Beyond Tyranny: The Mental Benefits of Playing Music

Ken Robinson compels us to appreciate that, “creativity is as important now in education as literacy and we should treat it with the same status.” At an excellent school concert a few nights ago, our orchestra Director did something a little unconventional, but so worthwhile. Just as our middle school students completed a distinguished performance, and just prior to being joined by their more experienced high school peers, she interrupted the concert to show a short TED-Ed video. What followed (included below) was a fascinating scientific affirmation of Robinson’s perspective. In fact, the findings are profound, suggesting that:

“When you listen to music, multiple areas of your brain become engaged and active. But when you actually play an instrument, that activity becomes more like a full-body brain workout.”

Essentially, neuroscientists have discovered that the artistic and aesthetic impacts of playing a musical instrument are distinct from any other activity studied, providing significant side benefits, such as higher levels of executive functioning and enhanced memory functions. Many of us have always believed that music is good for the soul, but here is clear evidence that it is also good for the brain.

A few years ago I spent several days visiting another international school. By reputation, it was a very good school indeed and I had been dispatched to examine the innovative things they were doing with their schedule and a ground-breaking conception of the school day. The School Director, a genial, astute, generous man, was keen to share with me how the new delineation of the school day was going to provide for an enhanced academic experience for students and, crucially, superior external examination results. In a nutshell, a working party of the faculty had devised a “solution to the problem of the performing arts”. The problem, apparently, was that the music and drama programs were consuming hours that were needed to meet the requirements of Higher IB courses. The agreed solution was to place these programs outside of the school day.

I have colleagues who could write far more eloquently and passionately on such a decision than I. But there was obviously something significantly amiss with this arrangement at the time (and so it proved, subsequently). Things that are placed outside the school day become second-class citizens, extraneous activities, and are, de facto, valued less than so-called mainstream subjects. Today this enduring pressure to improve external examination scores is one that is mushrooming out of control throughout global education. How many times now, for instance, have we heard that the US needs to catch up with the PISA scores of Finland? Certainly fewer times than we hear the far more important question, what do our schools and students need most? Again, Ken Robinson captures this concisely:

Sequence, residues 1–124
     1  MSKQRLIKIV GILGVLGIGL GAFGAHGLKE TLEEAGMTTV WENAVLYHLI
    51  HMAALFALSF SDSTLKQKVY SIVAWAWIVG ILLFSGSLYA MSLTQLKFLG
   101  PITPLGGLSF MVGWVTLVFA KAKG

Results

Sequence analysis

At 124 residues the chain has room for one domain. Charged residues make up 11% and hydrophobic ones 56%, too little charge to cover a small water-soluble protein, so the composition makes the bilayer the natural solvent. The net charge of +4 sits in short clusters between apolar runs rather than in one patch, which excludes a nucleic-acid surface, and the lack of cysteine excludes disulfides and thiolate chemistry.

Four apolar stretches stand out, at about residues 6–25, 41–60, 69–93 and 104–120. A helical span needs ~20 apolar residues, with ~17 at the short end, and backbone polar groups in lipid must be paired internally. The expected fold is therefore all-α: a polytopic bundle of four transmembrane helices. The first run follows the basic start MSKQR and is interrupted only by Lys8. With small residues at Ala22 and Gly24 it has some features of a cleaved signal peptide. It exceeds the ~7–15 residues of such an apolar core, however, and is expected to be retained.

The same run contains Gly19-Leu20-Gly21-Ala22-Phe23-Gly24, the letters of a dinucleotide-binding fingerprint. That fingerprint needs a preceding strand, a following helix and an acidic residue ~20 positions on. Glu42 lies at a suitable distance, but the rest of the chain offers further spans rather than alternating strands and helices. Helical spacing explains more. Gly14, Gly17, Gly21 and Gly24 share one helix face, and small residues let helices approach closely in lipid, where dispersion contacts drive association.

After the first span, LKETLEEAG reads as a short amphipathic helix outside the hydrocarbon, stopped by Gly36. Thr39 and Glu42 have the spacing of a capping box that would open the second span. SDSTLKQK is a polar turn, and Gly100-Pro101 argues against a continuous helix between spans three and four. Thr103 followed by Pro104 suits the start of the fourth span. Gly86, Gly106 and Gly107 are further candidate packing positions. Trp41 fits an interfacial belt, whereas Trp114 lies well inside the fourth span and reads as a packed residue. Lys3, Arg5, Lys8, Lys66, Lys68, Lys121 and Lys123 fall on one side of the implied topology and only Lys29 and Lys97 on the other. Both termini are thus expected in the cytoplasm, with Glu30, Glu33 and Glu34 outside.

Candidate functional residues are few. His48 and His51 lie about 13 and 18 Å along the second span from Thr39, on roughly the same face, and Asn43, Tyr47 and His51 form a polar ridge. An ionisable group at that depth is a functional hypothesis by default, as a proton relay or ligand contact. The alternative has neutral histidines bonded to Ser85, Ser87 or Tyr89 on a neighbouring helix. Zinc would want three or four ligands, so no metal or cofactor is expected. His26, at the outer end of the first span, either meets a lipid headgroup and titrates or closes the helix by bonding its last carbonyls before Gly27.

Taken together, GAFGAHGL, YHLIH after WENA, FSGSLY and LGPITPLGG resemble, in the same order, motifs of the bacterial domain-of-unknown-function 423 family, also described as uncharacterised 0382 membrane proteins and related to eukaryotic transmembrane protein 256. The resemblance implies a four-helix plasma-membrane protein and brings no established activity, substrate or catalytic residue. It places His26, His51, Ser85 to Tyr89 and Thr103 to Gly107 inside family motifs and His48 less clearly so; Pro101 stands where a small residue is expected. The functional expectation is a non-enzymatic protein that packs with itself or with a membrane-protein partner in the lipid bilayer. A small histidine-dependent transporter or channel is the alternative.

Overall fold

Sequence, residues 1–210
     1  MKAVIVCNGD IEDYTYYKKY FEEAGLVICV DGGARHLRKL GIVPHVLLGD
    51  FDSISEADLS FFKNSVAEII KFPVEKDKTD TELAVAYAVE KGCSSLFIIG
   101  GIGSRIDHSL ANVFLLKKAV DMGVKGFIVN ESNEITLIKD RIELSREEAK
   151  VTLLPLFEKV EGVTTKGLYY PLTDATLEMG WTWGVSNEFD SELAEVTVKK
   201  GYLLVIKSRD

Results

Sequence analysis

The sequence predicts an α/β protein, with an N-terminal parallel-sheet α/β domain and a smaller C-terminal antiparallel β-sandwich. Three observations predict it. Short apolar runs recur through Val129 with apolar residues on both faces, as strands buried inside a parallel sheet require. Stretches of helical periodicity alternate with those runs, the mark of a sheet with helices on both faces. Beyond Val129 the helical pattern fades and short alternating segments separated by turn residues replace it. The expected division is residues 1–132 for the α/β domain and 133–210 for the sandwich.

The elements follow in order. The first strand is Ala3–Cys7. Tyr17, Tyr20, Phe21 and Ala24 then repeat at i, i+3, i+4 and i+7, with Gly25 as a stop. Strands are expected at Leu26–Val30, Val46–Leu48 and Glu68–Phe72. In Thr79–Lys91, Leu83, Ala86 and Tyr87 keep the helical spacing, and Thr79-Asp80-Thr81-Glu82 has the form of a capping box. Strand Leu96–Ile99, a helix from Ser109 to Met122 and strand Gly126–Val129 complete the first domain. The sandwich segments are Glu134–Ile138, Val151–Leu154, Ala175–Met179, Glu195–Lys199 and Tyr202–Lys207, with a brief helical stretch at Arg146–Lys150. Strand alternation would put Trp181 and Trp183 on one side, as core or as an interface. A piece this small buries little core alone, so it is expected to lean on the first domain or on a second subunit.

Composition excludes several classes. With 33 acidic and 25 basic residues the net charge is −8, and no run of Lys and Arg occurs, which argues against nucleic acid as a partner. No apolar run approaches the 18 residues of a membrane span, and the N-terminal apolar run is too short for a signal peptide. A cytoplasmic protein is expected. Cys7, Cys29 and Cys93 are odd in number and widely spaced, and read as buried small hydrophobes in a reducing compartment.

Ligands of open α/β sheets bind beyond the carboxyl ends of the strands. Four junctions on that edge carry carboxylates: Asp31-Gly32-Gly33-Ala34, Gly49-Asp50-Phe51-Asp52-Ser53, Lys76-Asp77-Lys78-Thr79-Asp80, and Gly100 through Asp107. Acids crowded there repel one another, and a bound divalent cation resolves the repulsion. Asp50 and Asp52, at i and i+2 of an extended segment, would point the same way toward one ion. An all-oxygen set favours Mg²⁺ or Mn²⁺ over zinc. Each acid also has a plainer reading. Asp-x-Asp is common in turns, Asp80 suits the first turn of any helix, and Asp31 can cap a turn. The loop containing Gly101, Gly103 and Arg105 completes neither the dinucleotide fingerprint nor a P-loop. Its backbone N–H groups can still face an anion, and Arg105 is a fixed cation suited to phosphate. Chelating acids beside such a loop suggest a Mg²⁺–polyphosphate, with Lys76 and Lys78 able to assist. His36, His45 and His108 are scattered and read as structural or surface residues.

“The world is changing faster than ever in our history. Our best hope for the future is to develop a new paradigm of human capacity to meet a new era of human existence. We need to evolve a new appreciation of the importance of nurturing human talent along with an understanding of how talent expresses itself differently in every individual. We need to create environments—in our schools, in our workplaces, and in our public offices—where every person is inspired to grow creatively.

There can no longer be any question about the critical centrality of the arts and creativity in schools. It dismays me that those who seem obsessed with examination scores tend to be the very same people who question the validity of things like athletics programs, the inclusion of all learning abilities in our schools, and programs in the arts. Such people fail to understand that these very programs are so often the things that enable students to enjoy school, to grow, to develop confidence, to find a passion, to express themselves … to succeed in exams. For we are not in the business of producing exam automatons off some conveyor belt designed for a benign conception of “success”. Surely the ability to appreciate an aesthetic experience … to be, as Robinson puts it, “fully alive” … is also what we want for our children? Music is good for the soul; it is also good for the brain. Call me a fool, but I consider it more important than any exam and the tyranny of those who miss the point.